he made his tired mother move away from and let him sit by 
the window. The observer, looking on, remarked that in the 
future there would be some unfortimate wife who would wonder 
"why men are so selfish," instead of placing the blame where 
it really ought to be placed — upon the lack of strength of char- 
acter, the lack of wisdom, the lack of genuine love on the part 
of that woman in not bringing her boy up to be unselfish and 
thoughtful of others, so that he might live decently in his own 
household, and do his work well in the world at large. 




IN the past it has been the generally accepted theory that 
parents were merely the unconscious instruments of the 
Divine Spirit, for the working out of his will, and that the mental 
and moral attributes of their children, their temperament, 
health, character, and sex were direct decrees of the Infinite, 
which it was useless for the finite mind to try to comprehend or 

To-day we are wiser, and have learned that Nature is the great 
exponent of sublime truth, and natural law the Creator's text- 
book, by which he teaches his children the perfection of the 
divine plan, and lifts them to a higher plane of responsibility. 

In Nature it is law, not chance. Effect is the natural se- 
quence of cause. A child, if he puts his hand into the fire, will 
be burned, not to punish him for having disobeyed the warning 
of his parents, but to teach him that he has willfully broken an 
immutable law. 

If there are known laws governing reproduction, just as 
divinely ordained and enforced as the laws of gravity, of space, 
and of motion, every man and woman, rich or poor, high or 
low, every reasoning creature, has a right to know them, for 
the truth belongs not to individuals, but to all humanity. 

If a child can be well bom by simply following certain under- 
stood laws of Nature, if the mental, moral, and physical condi- 
tion of the child at birth and for its entire existence is dependent 
upon absolute law, as inmiutable as the motions, diurnal and 
annual, of the earth itself, or the phases of the moon and the 
rise and fall of the tides, then the parents who bring into the 
world an imperfect creature are just so far culpable, inasmuch 
as they have failed to do their whole duty. 

This may sound severe, almost heartless and cruel, to parents 
with afflicted children, but we must say it, for it is the truth, 
that the fathers and mothers of the present may profit by the 
solemn lesson taught by the past, and, being shown their re- 


sponsibility as parents, may fulfill to the uttermost, so far as 
lies in their power, their obligations to their own children and 
to the generations yet to come. 

We believe that in this enlightened era no one has a right 
to marry into a family where there is known insanity, or even 
partial imbecility, and the kindred evils that follow out to the 
letter the inexorable law, " The sins of the fathers shall be visited 
upon the children." Like begets Uke, the laws of heredity are 
inflexible, and the child is but the composite picture of what 
its parents are and their progenitors have been. 

In addition to woman's moral obligation to herself, let us 
speak briefly of her duty to her husband — sl duty as sacred as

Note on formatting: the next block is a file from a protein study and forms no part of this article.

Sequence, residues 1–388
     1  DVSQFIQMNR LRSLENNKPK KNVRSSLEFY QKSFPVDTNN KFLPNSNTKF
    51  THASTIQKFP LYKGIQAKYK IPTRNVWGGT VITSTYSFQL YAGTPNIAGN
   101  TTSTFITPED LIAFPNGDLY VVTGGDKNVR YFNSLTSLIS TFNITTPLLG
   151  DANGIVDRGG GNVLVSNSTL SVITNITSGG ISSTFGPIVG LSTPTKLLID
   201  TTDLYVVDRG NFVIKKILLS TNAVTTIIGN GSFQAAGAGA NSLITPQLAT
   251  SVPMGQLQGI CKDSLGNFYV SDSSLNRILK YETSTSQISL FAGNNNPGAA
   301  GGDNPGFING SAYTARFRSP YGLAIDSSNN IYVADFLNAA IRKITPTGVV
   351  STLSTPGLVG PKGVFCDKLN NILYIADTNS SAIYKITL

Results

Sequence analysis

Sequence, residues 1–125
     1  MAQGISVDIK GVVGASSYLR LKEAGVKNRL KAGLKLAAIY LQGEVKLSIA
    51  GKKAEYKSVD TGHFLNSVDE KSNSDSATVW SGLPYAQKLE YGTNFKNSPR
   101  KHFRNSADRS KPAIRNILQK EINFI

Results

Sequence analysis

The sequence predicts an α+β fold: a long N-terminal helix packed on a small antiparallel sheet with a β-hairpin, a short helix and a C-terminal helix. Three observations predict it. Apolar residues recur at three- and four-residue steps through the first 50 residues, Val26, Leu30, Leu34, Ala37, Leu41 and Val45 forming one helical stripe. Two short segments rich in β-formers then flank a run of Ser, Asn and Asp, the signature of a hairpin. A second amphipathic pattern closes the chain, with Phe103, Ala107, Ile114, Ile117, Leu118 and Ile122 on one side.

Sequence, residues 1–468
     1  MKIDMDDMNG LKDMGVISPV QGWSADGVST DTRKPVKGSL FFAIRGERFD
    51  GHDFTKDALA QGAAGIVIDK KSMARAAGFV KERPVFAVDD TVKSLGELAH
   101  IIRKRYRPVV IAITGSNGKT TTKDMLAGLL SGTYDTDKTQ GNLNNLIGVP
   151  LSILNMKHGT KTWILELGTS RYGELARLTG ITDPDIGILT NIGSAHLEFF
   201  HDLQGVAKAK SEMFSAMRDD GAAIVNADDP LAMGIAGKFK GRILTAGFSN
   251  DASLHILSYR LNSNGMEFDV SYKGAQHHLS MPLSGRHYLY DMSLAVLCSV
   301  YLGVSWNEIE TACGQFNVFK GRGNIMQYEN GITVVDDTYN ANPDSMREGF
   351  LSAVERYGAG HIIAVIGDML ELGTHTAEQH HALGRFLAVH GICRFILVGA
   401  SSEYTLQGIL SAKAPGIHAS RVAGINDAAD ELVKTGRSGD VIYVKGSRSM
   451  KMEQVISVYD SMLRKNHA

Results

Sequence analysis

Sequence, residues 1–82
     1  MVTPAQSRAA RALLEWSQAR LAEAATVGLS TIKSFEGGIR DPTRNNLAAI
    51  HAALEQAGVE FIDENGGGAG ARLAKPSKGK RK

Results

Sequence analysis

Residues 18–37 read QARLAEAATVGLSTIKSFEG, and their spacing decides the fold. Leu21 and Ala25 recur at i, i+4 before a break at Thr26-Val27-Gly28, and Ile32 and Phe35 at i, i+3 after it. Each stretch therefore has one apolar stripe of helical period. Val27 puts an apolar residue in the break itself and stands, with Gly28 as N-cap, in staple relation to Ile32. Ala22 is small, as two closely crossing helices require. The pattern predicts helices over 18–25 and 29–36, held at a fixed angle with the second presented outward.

the solemn vows taken at the altar can make it — "To have 
and to hold, to love and to honor." This must mean to re- 
tain by every art and power the love and admiration of her 
mate, thereby promoting that perfect imion of souls which mar- 
riage implies, and insuring not only the happiness of the home 
and the mated pair, but the well-being of the little ones who 
may come to bless them. 

If I were asked the great requisite for marital happiness, I 
should unhesitatingly reply, health. By a wise and persistent 
observance of the simple laws relating to exercise, diet, dress, 
ventilated dwellings, and other sanitary conditions, we may all 
hope to obtain this priceless blessing, from which so many others 

The woman with a good constitution, even if she be not either 
young or handsome, if she has the bright eye, the clear mind, 
vivacity, and buoyant spirits which only a woman physically 
sound may know, has an attractiveness of her own that will not 
only increase her comfort and happiness, but will be an impor- 
tant factor in aiding her to fulfill her whole duty as woman, 
wife, and mother. 

Our duty is clear. We must recognize our responsibility not 
alone to ourselves and the present, but to posterity and the 
future. No woman has the right to be selfish, and least of all 
will the tender, loving, maternal heart forget that every sob, 
every tear, every sigh, every fear, is a crime committed against 
her own unborn child, and from which it will suffer throughout 


its whole life. Before birth is the time to prove the strength 
and power of mother-love, not afterward, when it is too late to 
undo the grievous mistake, the fatal wrong our folly has com- 
mitted. The devotion of a lifetime, alas! will not atone to the 
child for antecedent neglect. 

The day will come when the rights of the child to be well 
bom will be recognized and respected. In that day the "de- 
fective" will demand the reason for its puny limbs, impaired 
mind, misshapen spine, pain-racked body — a life of suffering 
with blasted hopes — and the world will not condone or palliate 
the cruelty and crime committed against the unfortunate child, 
deprived of its birthright, on the old plea of ignorance or the 
pretense that God willed a defective should be born — a pre- 
tense that is contradicted by every law, human and divine. 

»• «^ «^ 


THE study of dietetics as applied to the nursery and the 
period of childhood is constantly brought to our notice 
as an important phase of domestic education. 

The first step we should take as mothers in regard to the 
careful feeding of our children should be to convince ourselves 
thoroughly of its necessity.